Ryanair’s UK flights were operating as normal on Thursday morning despite a strike by pilots, the airline has said.

There were fears of widespread disruption after a judge rejected a high court attempt by the airline to force pilots to return to work.

Ryanair reported a 97% punctuality rate for its first departures and arrivals at UK airports on Thursday, blaming the small number of delays on air traffic control issues.

A judge rejected an application on Wednesday for an injunction against the British Airline Pilots’ Association (Balpa), which would have forced pilots to return to work.

Balpa said it had offered to reopen negotiations with the airline after the ruling, in a final attempt to avert strike action. The union said the Ireland-based airline had “rejected the offer out of hand”, so the strikes would go ahead as planned between 00:01 on Thursday until 23:59 on Friday.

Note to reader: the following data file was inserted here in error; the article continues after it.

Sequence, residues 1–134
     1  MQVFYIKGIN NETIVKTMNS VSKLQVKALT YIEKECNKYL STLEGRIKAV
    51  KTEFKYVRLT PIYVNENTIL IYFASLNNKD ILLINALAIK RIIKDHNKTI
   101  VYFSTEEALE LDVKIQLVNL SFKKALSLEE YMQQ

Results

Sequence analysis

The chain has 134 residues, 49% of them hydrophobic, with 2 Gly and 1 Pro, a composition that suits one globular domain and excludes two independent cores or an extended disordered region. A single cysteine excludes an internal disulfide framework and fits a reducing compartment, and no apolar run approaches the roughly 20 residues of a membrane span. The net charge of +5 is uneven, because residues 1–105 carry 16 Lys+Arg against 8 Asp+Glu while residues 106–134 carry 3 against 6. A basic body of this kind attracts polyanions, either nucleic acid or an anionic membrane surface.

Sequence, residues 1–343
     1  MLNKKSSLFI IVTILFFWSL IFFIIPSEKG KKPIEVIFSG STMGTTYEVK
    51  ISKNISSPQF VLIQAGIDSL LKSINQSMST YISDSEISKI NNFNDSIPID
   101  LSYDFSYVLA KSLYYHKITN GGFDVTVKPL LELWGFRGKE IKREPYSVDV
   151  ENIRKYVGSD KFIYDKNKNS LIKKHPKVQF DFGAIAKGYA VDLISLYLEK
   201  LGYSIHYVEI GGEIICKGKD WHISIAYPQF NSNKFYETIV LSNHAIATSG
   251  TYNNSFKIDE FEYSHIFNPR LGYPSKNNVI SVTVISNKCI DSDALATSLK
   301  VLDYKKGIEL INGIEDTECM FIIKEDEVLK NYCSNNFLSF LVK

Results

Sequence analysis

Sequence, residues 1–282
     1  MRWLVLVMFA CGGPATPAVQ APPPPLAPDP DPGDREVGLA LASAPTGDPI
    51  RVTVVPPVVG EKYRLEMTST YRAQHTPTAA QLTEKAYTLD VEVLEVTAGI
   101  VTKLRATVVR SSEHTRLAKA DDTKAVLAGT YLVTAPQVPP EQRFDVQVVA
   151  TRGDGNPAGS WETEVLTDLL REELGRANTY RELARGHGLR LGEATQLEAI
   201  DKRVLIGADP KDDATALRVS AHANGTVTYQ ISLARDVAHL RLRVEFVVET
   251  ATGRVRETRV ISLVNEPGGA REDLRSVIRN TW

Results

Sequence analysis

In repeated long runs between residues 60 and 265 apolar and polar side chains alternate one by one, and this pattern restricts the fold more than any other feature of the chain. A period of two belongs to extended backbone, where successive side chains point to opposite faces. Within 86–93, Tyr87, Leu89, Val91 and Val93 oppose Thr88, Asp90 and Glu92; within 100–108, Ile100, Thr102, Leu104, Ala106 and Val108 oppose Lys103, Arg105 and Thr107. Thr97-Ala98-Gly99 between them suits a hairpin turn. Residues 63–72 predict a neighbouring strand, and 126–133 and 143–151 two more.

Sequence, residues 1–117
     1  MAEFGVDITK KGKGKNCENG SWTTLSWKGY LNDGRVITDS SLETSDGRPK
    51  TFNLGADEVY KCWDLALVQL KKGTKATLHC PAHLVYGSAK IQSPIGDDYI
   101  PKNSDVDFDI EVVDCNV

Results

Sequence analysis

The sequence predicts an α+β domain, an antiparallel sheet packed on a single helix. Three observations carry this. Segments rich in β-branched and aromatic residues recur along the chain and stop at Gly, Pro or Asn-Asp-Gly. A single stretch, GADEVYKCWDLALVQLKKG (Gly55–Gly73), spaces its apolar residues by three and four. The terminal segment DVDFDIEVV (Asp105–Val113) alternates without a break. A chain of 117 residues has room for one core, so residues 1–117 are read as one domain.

Brian Strutton,the union’s general secretary, said Balpa had attempted to re-enter negotiations, claiming “we extended an olive branch to Ryanair as a way of getting back around the table and calling off strikes over the next two days”.

Balpa said the walkout was caused by a longstanding dispute over pay and conditions.

The airline said it expected most of its flights to continue as normal, emphasising that while small disruptions could occur, it it did not expect significant disruptions during the strike.

A second round of industrial action is due to take place from 2 to 4 September.



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